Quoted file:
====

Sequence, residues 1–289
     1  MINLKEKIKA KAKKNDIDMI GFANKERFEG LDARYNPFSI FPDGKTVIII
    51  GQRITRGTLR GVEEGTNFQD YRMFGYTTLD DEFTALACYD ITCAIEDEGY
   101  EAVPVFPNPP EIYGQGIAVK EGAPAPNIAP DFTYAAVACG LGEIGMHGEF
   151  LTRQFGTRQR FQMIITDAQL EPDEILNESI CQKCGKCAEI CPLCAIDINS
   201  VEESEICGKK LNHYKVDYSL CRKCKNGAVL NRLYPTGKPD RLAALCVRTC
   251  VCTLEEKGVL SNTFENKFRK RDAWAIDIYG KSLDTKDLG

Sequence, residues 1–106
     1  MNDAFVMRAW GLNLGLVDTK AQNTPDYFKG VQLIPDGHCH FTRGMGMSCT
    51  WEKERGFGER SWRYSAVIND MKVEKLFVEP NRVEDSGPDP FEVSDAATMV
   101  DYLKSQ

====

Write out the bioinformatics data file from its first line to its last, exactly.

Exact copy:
Sequence, residues 1–289
     1  MINLKEKIKA KAKKNDIDMI GFANKERFEG LDARYNPFSI FPDGKTVIII
    51  GQRITRGTLR GVEEGTNFQD YRMFGYTTLD DEFTALACYD ITCAIEDEGY
   101  EAVPVFPNPP EIYGQGIAVK EGAPAPNIAP DFTYAAVACG LGEIGMHGEF
   151  LTRQFGTRQR FQMIITDAQL EPDEILNESI CQKCGKCAEI CPLCAIDINS
   201  VEESEICGKK LNHYKVDYSL CRKCKNGAVL NRLYPTGKPD RLAALCVRTC
   251  VCTLEEKGVL SNTFENKFRK RDAWAIDIYG KSLDTKDLG

Sequence, residues 1–106
     1  MNDAFVMRAW GLNLGLVDTK AQNTPDYFKG VQLIPDGHCH FTRGMGMSCT
    51  WEKERGFGER SWRYSAVIND MKVEKLFVEP NRVEDSGPDP FEVSDAATMV
   101  DYLKSQ